Wednesday, November 2, 2011

Sermon from Oct 30, 2011; Joshua 3:7-17

Rev. George Miller
Joshua 3:7-17
“The Feet/Feat of Our Ancestors”
Oct 30, 2011

Show of hands: how many people here are honest to goodness history buffs?

How many would say they are on the opposite side, so much so that sometimes you forget that July 4th is our nation’s day of independence and not just a chance to enjoy bbq?

I myself fall more into the second group, but if I was to justify it, I’d say it means that when I come across certain bits of information I find it exciting.

Take for instance; did you know that it wasn’t until 1534 that a version of the Bible was released in a language other then Latin, meaning that people other then priests could finally read it?

Or that women did not get the right to vote in America until 1920; 1971 in Switzerland?

Or that interracial marriage was illegal until 1967?

Years from now, our descendants will say “Can you believe it wasn’t until 2009 that the first black person was elected President?”

All of these things are revolutionary; we can look at a specific moment in time and say that there was a before and an after.

That there was a way in which things used to be done and a way they are done now.

On paper, such things can give the impression of an easy transition. But that is rarely the case. Usually there is some type of symbolic river to cross.

Often times things that we take for granted, like being able to read the Bible on our own or women having the chance to vote, came about thanks to the actions of those who paid a great price.

Sometimes it can take a long, long time to get to the other side of the river; so we should give thanks to those who faithfully took those steps forward, knowing they were not always easy.

Take for example today’s reading.

40 years ago the ancestors were freed from slavery. Through the leadership of Moses and the mighty acts of God they were lead across the Red Sea waters.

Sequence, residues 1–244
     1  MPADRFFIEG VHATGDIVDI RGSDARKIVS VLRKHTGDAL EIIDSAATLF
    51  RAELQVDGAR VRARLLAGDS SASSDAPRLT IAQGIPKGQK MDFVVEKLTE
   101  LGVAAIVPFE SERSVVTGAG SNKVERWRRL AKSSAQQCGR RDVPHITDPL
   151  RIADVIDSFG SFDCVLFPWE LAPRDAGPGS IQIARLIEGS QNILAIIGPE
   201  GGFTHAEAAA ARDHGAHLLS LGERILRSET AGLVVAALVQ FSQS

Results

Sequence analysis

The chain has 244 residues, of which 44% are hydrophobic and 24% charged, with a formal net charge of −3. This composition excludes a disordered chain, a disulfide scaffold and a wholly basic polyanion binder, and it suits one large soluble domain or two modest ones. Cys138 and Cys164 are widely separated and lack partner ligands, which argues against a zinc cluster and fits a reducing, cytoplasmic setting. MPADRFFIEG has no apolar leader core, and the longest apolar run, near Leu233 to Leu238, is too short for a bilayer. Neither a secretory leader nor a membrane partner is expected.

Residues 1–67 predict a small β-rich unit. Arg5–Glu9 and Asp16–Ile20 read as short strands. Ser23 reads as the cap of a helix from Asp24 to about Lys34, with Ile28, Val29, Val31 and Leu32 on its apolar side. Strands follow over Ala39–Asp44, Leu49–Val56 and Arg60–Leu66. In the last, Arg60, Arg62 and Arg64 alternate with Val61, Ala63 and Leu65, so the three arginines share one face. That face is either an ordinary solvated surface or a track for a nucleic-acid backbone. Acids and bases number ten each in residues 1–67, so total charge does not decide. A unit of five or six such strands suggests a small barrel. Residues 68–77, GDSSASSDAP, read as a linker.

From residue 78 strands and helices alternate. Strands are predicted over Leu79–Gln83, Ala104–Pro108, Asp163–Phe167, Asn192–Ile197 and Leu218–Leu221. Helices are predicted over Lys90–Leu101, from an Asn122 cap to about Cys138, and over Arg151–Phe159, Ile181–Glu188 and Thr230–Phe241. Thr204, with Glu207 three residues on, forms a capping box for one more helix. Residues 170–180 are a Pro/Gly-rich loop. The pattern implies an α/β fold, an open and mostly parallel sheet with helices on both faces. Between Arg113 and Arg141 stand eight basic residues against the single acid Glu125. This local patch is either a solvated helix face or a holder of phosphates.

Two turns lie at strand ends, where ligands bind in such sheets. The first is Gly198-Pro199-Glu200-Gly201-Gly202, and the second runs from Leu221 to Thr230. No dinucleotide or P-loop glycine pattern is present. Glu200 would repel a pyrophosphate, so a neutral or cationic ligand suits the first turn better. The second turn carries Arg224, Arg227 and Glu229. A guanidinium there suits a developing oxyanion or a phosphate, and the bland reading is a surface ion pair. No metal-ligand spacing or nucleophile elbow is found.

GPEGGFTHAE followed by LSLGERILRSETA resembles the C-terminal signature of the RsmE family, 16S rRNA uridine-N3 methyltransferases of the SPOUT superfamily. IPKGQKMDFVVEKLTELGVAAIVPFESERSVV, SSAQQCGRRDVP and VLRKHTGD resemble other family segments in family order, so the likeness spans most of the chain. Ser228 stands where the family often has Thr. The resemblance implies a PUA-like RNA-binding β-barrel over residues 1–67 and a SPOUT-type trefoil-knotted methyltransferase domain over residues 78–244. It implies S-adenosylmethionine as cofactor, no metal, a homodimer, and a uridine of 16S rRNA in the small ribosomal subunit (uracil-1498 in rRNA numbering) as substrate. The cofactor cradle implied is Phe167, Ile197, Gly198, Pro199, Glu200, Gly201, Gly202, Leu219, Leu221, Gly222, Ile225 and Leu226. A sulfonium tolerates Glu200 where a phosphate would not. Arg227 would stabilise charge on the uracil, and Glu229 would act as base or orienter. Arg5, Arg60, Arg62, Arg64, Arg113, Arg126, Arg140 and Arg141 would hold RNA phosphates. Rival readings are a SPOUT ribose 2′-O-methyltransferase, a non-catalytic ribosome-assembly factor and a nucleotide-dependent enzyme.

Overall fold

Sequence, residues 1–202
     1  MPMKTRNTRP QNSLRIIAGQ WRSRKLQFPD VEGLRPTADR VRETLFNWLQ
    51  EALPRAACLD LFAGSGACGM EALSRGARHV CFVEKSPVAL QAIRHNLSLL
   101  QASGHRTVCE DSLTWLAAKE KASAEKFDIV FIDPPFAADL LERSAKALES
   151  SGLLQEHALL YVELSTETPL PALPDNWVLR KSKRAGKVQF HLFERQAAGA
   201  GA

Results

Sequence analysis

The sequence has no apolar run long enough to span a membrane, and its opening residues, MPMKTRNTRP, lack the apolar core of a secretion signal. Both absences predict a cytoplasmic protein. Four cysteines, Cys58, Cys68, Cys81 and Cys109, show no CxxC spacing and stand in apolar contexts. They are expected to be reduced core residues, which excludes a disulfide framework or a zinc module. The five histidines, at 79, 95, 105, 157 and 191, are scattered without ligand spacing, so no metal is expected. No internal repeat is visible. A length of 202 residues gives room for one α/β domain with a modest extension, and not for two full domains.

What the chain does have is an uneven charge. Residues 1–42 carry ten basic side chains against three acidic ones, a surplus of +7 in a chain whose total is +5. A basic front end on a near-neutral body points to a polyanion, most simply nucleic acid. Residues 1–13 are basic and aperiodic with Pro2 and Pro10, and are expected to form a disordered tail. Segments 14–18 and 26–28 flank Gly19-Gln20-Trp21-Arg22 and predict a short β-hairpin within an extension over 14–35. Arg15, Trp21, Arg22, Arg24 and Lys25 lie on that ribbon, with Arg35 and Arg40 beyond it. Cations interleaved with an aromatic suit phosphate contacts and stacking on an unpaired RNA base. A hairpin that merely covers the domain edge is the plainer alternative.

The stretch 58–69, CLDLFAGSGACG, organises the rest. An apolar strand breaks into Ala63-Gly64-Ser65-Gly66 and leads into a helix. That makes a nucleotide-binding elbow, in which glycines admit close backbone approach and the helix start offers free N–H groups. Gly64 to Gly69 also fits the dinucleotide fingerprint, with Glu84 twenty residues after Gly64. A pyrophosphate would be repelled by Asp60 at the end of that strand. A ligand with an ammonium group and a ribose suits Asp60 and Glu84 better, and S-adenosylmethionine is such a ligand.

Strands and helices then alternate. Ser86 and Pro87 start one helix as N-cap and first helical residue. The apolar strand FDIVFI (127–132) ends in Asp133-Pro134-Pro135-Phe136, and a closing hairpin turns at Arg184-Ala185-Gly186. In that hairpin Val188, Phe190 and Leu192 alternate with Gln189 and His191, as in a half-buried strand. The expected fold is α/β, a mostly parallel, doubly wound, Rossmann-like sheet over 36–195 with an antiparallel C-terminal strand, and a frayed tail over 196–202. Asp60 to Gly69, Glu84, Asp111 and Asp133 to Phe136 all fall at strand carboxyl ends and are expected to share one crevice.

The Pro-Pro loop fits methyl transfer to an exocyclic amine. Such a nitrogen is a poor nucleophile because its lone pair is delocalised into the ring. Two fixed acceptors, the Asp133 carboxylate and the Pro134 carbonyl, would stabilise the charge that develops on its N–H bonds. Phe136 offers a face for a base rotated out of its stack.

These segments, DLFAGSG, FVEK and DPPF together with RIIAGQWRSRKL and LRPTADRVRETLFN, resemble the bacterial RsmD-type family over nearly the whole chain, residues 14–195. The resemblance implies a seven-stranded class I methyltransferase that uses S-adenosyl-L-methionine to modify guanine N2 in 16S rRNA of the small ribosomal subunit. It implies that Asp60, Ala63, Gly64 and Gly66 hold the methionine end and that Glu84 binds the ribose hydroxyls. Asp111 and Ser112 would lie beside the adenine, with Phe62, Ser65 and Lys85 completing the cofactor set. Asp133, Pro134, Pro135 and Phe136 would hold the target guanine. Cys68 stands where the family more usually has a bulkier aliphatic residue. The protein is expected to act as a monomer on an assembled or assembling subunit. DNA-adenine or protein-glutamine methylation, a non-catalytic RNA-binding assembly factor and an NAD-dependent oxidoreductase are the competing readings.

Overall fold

They entered the wilderness where they cried out for food and water and discovered that God could and would provide both.

They camped out on the mountain side where they were given the Law, taught the commandments and experienced first hand how God’s grace could even lead God to change His mind.

And at one point they were poised to enter the Promised Land. The ancestors were right on the cusp of true freedom, when they became scared (Numbers 13-14).

As the story goes, they had sent out spies to check out the land of Canaan, the place the Lord had been leading them. These spies came back with their report.

The good news is that there is milk and honey and everything a person could want.

The bad news is that the people there were different, and they appeared strong.

And though God had promised them the land, though God had performed amazing deeds of deliverance and grace, the ancestors were scared. This lead to people to rebel.

They cried and they wept; they complained that it would have been better to die in slavery; that they should turn back around.

This saddens Moses. It saddens one of the men named Joshua who says to the people “Don’t listen to their fearful reports, the land is good. God is pleased with us. Do not be afraid: we are on the verge of being blessed.”

But the ancestors were afraid; they threatened to kill anyone who tried to move them ahead.

This angers God. God feels hurt and despised, and because of their unbelief no one from the original group is allowed to make it into the Promised Land; no one that is except for Joshua’s family.

So for 40 years the people wander the dessert; for 40 years they struggle, they live, they die, they wait, never to experience the paradise God had wanted to give them.

It is not until the next generation comes along, one no longer tied to bondage and the old fears. And then it becomes time for the people to finally enter the Promised Land.

God gives clear directions to Joshua and the priests and the people follow.

The priests carry the arc of the covenant into the Jordan River and when the soles of their feet rest in the river, the water stops flowing, and a path of dry ground is created for the people to journey across to the other side.

And they all do so, without a hitch, without complaint, without a quarrel, without a “what if?’ or a “woe is me.”